Tomba Golini I. Inserviente che prepara pietanze (da P. Bruschetti, Gli Etruschi a Orvieto. Collezioni e territorio, Città di Castello 2006)

The main characters are depicted on the sides of the entrance door; the man on the left arrives on a chariot drawn by two horses, behind him the wall is painted with a procession of six characters going towards two klinai, where there are two couples of banqueters who are identified by inscriptions as members of cnezus family. To the right of the door there is another chariot led by a charioteer, whereas the wall shows three klinai similar to the previous ones; the characters depicted are identified by inscriptions as members of the Vercnas family. The frescoes that adorned the bottom wall are now badly deteriorated, except for few fragments concerning figures of warriors.

A Pictorial School

Both the monuments date back to the second half of the IV Century B.C. and show a consistency of conception that points out the existence of a studio or a local pictorial school which, most likely, stopped working after the destruction of the city in 264 B.C.

In conclusion, it is worth stressing that the above-mentioned tombs not only are a valuable and rare historical and artistic evidence of the Etruscan Volsinii painting in the late classical and Hellenistic age, but also they have an important documentary value due to the photographs of the daily aspects and of the customs that characterized the aristocracy life of the time. They also represent one of the latest signs of the figurative theme of the symposium in the Hereafter where the living and the dead feast together; then the subject of grave painting will be replaced with a new concept of tomb which becomes a three-dimensional representation of the Underworld where all the family members buried there take part in an eternal banquet.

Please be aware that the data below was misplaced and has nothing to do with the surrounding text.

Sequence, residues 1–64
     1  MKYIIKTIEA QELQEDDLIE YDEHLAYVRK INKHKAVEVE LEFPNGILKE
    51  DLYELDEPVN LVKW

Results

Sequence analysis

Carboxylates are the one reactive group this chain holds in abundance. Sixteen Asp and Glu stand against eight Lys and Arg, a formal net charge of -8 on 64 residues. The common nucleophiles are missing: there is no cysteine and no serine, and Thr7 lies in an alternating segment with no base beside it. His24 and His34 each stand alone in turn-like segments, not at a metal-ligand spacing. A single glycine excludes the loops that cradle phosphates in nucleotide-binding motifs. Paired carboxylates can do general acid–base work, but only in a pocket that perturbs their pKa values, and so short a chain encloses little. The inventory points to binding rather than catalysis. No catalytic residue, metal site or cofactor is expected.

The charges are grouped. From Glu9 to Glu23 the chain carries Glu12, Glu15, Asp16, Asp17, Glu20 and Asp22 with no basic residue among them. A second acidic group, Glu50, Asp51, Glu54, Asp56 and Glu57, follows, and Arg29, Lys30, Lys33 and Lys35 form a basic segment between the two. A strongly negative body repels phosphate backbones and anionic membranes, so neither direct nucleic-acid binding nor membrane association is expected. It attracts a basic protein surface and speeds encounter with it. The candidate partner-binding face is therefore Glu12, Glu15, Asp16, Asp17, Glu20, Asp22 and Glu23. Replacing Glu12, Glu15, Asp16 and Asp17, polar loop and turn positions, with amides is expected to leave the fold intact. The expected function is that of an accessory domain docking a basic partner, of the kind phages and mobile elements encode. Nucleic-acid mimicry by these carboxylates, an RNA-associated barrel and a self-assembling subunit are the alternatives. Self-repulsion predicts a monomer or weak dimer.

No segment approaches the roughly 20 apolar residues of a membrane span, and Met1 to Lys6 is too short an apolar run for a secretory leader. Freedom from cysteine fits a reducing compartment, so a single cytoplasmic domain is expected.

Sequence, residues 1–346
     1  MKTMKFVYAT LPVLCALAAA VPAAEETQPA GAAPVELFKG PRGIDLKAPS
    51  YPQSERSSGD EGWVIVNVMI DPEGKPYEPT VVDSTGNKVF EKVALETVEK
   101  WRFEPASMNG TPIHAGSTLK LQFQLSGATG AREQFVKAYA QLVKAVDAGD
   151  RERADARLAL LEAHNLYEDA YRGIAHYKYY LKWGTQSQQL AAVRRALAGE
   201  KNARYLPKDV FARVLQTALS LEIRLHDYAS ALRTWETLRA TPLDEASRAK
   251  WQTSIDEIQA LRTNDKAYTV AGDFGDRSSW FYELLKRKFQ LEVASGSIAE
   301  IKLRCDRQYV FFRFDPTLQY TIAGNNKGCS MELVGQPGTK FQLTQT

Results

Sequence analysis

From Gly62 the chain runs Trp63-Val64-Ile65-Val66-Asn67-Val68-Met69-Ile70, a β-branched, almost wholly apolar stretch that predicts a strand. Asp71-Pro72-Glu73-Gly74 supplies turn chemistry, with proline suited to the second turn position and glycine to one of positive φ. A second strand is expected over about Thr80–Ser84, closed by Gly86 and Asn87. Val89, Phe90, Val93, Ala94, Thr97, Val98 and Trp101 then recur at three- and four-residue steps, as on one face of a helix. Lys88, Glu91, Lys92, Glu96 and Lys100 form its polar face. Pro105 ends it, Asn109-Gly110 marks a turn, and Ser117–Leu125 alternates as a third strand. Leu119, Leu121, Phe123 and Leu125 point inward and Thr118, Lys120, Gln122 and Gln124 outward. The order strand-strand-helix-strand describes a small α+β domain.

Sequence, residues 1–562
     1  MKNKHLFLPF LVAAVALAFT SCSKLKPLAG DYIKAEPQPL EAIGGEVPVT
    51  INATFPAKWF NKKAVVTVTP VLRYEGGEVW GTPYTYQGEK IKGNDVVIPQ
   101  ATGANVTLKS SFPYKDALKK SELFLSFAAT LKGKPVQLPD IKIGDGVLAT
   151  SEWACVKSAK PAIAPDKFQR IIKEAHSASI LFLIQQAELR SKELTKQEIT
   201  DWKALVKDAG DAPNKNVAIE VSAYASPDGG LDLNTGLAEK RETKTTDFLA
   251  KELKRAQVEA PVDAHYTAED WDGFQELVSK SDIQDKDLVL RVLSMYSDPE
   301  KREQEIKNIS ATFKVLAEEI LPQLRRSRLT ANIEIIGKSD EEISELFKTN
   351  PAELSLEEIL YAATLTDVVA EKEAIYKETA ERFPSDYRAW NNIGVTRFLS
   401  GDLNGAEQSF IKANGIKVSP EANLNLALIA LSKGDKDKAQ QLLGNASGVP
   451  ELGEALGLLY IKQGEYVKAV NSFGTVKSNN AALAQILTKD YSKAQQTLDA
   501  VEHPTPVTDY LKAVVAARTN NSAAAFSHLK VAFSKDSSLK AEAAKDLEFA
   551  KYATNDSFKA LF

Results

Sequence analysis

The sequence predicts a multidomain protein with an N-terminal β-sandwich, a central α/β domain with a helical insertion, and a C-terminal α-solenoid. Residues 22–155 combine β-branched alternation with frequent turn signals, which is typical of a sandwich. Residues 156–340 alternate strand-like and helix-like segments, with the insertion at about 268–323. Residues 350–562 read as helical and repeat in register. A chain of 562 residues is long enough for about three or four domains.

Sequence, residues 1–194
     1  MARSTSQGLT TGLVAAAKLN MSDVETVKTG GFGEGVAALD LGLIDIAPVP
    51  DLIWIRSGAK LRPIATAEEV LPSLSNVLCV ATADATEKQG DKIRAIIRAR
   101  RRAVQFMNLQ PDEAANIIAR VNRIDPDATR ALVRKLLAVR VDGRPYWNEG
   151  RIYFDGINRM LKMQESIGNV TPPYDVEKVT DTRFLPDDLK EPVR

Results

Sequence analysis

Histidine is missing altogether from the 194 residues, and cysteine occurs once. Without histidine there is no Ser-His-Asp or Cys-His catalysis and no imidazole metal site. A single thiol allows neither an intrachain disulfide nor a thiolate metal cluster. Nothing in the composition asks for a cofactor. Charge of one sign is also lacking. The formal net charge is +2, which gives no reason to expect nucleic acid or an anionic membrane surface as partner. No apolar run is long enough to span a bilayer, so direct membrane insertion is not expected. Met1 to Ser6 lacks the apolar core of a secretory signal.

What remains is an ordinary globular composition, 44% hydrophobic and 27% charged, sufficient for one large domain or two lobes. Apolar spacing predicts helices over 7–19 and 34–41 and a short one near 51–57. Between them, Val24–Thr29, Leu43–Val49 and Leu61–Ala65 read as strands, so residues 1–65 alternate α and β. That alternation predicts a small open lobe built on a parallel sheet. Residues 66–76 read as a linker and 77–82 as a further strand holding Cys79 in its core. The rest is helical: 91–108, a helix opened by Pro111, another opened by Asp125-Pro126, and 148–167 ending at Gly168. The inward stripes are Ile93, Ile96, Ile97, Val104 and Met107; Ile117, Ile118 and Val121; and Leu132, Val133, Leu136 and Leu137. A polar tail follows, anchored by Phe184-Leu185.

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-F. Boitani, M. Cataldi, M. Pasquinucci, Le città etrusche, Milano 1973.
-M. Cristofani, Etruschi. Cultura e società, Novara 1978.
-M. Cristofani, Dizionario della civiltà etrusca, Firenze 1985.
-P. Bruschetti, Gli Etruschi a Orvieto. Collezioni e territorio, Città di Castello 2006.
-Camporeale, Gli Etruschi. Storia e civiltà, Torino 2000.
-A. E. Feruglio, Porano. Gli Etruschi, Perugia 1995.
-M. Torelli, Storia degli Etruschi, Bari 1981.
-Torelli 1985 M. Torelli, L’arte degli Etruschi, Bari 1985.
-M. Torelli, “Limina Averni”. Realtà e rappresentazione nella pittura tarquiniese arcaica, in M. Torelli, Il rango, il rito e l’immagine. Alle origini della rappresentazione storica romana, Milano 1997, 122-151.
-M. Torelli (ed.), Gli Etruschi, Milano 2000.

«Who works with his hands is a laborer. Who works with his hands and his head is a craftsman. The one who works with his hands and his head and his heart is an artist»

(S. Francesco)

My name is Anna and I am a designer. My great passion for home, furnishing and everything is done by hand, allowed me to fulfil my great dream: nowadays I had the good luck to do the job I like.

I was born in Assisi and I have always lived in my native village, the birthplace of St. Francis; for love of my country and for working reasons I settled here; in the last few years I have met several artisans on my way and I have establish with them many relationships to give a contemporary interpretation of all that is traditional.